Labour fails to boost numbers

December 13, 2002

Olga Wojtas on the society for research into Higher Education conference

The Labour government has failed to boost participation in higher education, with the bulk of expansion taking place under the Conservatives, according to John Field, professor of lifelong learning at Stirling University.

Professor Field, who was addressing the annual conference of the Society for Research into Higher Education at Glasgow University, said figures on broad trends in age participation, published in the parliamentary review, showed participation rising for all social groups in the early 1990s, reaching a plateau in 1997 and then falling back slightly before recovering.

The fall probably reflected the "negative impact" of tuition fees, Professor Field said, and the overall 33 per cent participation rate in 2000 was no higher than in 1996, the year before Labour regained power.

Inequality had persisted throughout the 1990s with very little perceptible change, he said.

"Rather crudely, it might be said that the main impact of the post-Robbins period on equity has been the extension of higher education to women."

In 1991, 55 per cent of children from professional backgrounds went into higher education, 36 per cent from intermediate groups, 22 per cent from skilled non-manual backgrounds and 11 per cent from skilled manual backgrounds.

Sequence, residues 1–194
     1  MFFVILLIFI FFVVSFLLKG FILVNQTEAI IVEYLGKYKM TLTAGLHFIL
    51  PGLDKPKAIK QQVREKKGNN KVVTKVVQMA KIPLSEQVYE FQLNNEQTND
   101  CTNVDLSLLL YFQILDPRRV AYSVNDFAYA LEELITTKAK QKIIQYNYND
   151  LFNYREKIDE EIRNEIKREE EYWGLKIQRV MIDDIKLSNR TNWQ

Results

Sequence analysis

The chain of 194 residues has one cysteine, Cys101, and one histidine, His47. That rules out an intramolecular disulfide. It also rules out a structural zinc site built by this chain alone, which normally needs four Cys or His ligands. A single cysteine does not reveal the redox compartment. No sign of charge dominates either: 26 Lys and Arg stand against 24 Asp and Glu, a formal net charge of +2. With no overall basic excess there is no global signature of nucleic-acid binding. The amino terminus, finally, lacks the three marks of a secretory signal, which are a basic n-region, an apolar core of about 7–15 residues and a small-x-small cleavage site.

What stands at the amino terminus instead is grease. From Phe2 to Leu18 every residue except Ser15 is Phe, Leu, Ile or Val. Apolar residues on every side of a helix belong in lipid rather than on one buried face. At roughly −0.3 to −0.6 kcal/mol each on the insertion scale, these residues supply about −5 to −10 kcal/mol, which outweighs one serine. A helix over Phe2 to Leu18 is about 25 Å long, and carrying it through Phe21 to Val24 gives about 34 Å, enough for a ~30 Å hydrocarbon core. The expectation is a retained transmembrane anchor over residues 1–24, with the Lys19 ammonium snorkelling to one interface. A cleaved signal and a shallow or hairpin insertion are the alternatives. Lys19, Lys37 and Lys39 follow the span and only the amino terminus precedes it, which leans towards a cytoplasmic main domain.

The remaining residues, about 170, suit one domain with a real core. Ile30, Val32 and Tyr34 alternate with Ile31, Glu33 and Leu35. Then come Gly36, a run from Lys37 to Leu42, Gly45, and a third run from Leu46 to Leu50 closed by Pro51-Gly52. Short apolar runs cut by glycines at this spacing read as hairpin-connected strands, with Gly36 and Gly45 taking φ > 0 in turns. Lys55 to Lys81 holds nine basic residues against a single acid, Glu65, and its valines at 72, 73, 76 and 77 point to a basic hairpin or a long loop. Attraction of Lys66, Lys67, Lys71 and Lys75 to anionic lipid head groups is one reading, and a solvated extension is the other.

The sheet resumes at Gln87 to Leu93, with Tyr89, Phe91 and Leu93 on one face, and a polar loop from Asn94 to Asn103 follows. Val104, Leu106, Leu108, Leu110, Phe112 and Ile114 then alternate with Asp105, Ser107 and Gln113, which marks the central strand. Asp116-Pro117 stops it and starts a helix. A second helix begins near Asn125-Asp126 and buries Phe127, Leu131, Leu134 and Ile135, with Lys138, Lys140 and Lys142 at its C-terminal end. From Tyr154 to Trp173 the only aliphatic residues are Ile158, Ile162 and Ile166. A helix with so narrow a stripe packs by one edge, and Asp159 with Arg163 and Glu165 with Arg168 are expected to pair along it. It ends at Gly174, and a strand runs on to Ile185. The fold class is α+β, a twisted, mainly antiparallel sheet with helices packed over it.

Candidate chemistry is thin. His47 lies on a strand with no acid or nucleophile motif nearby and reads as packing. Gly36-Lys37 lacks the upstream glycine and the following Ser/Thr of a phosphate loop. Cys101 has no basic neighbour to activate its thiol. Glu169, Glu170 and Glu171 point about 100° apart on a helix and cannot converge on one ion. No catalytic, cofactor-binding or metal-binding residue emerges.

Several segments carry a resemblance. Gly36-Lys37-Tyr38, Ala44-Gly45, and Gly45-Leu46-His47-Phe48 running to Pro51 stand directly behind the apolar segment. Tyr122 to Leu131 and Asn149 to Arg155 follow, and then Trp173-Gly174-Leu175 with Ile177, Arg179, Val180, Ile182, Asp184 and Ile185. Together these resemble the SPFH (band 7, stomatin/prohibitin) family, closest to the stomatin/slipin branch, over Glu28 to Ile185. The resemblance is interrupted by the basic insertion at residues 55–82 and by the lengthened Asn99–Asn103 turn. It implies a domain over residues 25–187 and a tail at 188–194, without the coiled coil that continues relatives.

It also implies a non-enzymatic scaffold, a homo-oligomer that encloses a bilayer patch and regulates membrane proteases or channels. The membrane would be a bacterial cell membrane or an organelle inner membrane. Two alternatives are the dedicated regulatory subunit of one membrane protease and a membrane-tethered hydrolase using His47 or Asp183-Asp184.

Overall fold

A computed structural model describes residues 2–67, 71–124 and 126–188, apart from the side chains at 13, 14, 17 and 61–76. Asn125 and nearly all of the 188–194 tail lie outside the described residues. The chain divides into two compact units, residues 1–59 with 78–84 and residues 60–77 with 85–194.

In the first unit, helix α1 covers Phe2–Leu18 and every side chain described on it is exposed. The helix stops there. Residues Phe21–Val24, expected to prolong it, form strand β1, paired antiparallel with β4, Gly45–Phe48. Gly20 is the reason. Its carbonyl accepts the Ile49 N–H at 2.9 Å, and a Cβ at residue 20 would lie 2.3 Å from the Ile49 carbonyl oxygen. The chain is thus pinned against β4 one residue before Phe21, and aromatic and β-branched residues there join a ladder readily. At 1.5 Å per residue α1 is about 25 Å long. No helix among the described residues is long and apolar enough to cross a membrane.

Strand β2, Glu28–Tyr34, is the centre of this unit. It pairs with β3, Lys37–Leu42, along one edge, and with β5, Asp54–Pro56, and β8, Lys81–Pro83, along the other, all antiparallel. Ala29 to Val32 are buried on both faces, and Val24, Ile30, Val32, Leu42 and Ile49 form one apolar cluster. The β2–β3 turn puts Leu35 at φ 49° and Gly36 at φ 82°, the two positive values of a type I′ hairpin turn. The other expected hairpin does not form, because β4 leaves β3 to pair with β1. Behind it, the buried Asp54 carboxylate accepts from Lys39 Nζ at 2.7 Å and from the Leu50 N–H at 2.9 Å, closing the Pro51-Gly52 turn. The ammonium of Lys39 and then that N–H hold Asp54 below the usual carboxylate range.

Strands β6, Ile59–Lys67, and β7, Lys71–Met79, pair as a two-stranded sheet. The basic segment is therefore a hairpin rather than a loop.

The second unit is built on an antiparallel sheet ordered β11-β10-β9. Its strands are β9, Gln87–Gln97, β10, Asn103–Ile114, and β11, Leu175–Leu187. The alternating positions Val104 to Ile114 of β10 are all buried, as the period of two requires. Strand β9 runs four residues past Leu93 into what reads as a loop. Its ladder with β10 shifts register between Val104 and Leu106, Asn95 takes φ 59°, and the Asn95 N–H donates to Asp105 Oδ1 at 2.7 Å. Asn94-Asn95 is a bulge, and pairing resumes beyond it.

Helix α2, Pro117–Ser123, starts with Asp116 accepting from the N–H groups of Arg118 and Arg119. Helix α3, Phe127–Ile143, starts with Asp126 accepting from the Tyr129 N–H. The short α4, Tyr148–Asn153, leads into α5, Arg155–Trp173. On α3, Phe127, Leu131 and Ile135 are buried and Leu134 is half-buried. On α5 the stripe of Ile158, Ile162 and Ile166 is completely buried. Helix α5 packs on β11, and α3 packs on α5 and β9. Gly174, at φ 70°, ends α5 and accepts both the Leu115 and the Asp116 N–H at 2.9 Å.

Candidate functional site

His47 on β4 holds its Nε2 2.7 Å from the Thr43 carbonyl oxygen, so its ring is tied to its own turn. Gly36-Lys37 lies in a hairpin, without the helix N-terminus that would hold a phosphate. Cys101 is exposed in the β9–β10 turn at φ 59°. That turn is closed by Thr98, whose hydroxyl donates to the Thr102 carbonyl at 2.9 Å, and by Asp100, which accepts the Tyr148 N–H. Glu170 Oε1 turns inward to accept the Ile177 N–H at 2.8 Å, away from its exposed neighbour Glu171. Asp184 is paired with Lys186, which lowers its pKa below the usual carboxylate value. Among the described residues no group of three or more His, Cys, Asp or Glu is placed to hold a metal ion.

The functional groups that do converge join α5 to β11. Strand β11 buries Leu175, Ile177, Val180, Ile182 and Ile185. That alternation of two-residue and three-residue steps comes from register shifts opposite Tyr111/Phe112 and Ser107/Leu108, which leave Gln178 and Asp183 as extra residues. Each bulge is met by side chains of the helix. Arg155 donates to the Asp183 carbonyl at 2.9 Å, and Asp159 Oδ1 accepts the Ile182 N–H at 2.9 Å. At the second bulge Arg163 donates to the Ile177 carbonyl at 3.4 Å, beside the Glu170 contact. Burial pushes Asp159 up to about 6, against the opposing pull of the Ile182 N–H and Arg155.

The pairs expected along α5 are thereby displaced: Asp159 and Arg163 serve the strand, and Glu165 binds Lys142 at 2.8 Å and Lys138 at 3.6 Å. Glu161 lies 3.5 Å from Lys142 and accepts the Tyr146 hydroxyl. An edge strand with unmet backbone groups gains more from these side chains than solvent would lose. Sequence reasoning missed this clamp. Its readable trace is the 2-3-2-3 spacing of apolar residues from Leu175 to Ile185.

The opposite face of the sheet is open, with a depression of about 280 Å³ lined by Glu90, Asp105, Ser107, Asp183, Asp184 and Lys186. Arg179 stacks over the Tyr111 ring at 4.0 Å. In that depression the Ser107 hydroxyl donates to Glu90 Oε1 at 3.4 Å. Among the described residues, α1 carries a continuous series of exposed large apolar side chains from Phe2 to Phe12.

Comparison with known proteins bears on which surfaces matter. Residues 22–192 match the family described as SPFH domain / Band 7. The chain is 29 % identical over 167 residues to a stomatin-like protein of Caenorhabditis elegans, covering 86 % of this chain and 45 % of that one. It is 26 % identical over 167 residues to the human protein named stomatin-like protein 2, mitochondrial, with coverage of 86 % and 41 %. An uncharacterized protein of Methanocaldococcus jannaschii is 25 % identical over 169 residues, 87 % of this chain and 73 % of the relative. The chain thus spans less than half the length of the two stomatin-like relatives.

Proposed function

The rise in participation by 2000 was "broadly even", to 76 per cent among professional groups, 48 per cent among intermediate groups, 33 per cent among skilled non-manual worker backgrounds and 19 per cent among skilled worker families.

Scotland already appeared to have met the 50 per cent participation target set for the end of the decade, but studies confirmed that non-traditional students north of the border tended to cluster disproportionately in non-degree courses in further education colleges.

Colleges gave policy-makers an important means of widening access, said Professor Field, but this left the goal of equity elusive. Non-traditional students risked going into an "academic ghetto", gaining qualifications that carried less value than those enjoyed by students from more conventional backgrounds.

Researchers and politicians had mainly looked at participation in terms of access, but it was more crucial to look at participation in terms of achievement.

Figures from the Higher Education Funding Council for England show that in 15 institutions where the proportion of students expected to get a degree was significantly below the benchmark, there was a strong link between poor results and the proportion of non-traditional entrants.

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